About this study, I would like to note that for #4, leadership, that Bob Jones Univerisity is an ultra-religious (Southern Baptist) university in Greenville, SC. Oral Roberts University is also religious. Religious universities seem limited and potentially biased as a sole source for these studies.
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Old 2003-09-04, 11:44   #4
eepiccolo
 
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Default Re: Home schooling

Quote:
Originally Posted by NickGlover
About this study, I would like to note that for #4, leadership, that Bob Jones Univerisity is an ultra-religious (Southern Baptist) university in Greenville, SC. Oral Roberts University is also religious. Religious universities seem limited and potentially biased as a sole source for these studies.
I would like to clarify something about point four. Three of the sources were cited under point four, but only one was sponsored by a university, Oral Roberts University. And only statistics were cited from the study from Oral Roberts, not conclusions.
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Old 2003-09-04, 13:36   #5
kwstone
 
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Shanghai, China

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Default Re: Home schooling

Quote:
Originally Posted by eepiccolo
This "socialism" my wife received during high school did not help her maintain proper relationships with our fellow students at college at all.
The socialism I received during my younger years, however, did nothing to hurt me during college.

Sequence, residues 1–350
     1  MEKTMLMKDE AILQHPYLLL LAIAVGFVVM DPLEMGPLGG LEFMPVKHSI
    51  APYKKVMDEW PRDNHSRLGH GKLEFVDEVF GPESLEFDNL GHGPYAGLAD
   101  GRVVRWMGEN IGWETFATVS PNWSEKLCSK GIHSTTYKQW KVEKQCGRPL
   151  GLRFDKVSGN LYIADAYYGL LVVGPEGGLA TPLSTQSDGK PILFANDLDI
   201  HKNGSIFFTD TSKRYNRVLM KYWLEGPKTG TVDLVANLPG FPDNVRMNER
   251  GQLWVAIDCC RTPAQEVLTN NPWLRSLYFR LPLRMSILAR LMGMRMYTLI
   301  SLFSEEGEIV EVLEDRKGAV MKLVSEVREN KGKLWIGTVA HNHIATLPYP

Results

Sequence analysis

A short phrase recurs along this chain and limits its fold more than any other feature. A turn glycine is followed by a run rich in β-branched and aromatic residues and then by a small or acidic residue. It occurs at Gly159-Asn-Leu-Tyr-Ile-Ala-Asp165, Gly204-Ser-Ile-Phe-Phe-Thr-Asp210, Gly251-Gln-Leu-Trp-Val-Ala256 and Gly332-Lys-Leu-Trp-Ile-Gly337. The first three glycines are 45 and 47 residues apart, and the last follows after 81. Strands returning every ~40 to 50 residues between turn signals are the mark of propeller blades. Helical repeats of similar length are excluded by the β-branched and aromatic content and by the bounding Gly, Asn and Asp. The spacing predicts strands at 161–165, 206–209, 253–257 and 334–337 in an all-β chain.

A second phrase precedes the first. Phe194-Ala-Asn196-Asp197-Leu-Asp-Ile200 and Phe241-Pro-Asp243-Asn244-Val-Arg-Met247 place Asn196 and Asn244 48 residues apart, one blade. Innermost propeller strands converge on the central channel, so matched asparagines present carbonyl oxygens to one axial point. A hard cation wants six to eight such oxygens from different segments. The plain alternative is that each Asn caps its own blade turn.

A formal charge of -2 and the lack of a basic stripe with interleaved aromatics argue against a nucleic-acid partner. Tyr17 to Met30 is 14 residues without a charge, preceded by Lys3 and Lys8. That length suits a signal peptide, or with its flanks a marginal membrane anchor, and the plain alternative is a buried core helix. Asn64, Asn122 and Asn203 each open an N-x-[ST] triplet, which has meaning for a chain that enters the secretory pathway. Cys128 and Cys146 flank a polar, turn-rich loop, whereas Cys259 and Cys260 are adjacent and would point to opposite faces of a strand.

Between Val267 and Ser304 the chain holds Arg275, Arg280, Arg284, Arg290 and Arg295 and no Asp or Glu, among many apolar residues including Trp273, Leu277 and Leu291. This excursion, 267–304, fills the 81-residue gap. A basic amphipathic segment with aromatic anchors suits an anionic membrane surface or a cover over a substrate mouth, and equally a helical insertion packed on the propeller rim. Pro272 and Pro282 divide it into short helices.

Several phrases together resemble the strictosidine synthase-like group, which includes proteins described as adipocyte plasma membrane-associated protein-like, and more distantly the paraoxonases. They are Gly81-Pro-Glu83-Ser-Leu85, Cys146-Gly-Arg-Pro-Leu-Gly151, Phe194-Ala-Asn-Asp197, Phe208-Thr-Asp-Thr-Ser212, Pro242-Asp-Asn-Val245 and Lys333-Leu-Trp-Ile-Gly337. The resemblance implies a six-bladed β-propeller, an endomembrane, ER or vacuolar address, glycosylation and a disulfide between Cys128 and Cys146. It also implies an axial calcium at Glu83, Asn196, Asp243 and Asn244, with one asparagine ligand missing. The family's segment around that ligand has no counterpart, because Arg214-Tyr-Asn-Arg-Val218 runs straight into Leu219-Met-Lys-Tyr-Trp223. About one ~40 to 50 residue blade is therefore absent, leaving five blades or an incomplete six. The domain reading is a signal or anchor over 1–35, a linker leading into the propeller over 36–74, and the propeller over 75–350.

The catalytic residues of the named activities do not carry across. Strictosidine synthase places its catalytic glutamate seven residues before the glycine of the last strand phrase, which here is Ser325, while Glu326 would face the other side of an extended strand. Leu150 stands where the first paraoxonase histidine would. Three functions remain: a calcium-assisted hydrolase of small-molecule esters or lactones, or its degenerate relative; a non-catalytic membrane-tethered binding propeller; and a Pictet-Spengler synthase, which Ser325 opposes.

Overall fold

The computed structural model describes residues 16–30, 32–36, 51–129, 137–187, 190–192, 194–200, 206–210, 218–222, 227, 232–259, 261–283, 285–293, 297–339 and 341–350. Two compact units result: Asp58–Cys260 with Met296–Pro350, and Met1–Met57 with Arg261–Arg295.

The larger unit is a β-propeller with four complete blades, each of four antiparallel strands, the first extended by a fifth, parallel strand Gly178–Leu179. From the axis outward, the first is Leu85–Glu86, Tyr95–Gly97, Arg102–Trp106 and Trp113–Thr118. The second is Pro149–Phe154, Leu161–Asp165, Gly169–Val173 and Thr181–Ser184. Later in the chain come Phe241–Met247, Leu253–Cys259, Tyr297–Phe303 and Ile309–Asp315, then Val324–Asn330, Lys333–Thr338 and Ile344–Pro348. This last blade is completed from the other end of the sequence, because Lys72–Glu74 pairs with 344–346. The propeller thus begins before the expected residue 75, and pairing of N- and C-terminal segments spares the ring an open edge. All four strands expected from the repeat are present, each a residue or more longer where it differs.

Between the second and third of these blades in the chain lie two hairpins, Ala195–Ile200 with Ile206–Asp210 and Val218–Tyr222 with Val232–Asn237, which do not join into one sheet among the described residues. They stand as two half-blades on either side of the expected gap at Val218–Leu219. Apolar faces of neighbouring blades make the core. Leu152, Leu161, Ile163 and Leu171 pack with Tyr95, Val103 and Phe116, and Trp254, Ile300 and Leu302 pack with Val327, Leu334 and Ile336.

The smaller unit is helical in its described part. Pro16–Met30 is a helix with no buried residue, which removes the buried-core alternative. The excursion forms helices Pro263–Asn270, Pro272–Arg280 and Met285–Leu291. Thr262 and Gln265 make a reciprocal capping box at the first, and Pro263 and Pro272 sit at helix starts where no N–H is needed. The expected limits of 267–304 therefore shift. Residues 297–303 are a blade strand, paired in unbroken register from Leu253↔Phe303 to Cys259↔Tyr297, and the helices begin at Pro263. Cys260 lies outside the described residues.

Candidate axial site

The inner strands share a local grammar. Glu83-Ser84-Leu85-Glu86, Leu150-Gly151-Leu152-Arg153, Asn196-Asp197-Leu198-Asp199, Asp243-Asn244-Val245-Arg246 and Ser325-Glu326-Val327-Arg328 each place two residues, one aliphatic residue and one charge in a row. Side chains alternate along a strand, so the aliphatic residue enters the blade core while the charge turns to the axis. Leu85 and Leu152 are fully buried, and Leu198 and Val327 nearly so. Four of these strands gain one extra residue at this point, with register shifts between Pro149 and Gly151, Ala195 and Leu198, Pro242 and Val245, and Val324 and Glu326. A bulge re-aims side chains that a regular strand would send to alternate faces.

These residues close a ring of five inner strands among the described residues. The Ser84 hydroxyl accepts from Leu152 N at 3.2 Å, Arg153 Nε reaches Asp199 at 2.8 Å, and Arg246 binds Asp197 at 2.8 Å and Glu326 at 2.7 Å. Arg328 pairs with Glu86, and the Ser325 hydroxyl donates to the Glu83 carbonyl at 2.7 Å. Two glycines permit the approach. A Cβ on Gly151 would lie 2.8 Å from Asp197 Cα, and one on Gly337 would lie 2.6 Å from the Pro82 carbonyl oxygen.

I'm not sure whether the slipping between "socialization" and "socialism" in what you write is a simple mistake, a Freudian slip, or a deliberate attempt to make a political point. There does seem to me to be a lot that is done in schools (at least in my native country, the UK) that is trying to grind a socialist political agenda into kids, under the name of "socializing" them.

My personal solution to my family's education problems was to move to the Netherlands, where you can choose what kind of school to send your kids to (Catholic, Protestant, Montessori, Socialist, Islamic, whatever) and they are all guaranteed government funding under the Dutch constitution. This seemed like a practical solution (for me). The Dutch certainly seem pretty happy with it. The problem in the UK and US, as I see it, is rather the antithesis between state-funded, state-controlled schools on the one hand, and the expense of private schools on the other. The Dutch have resolved that by constitutionally cutting the link between state funding and state control.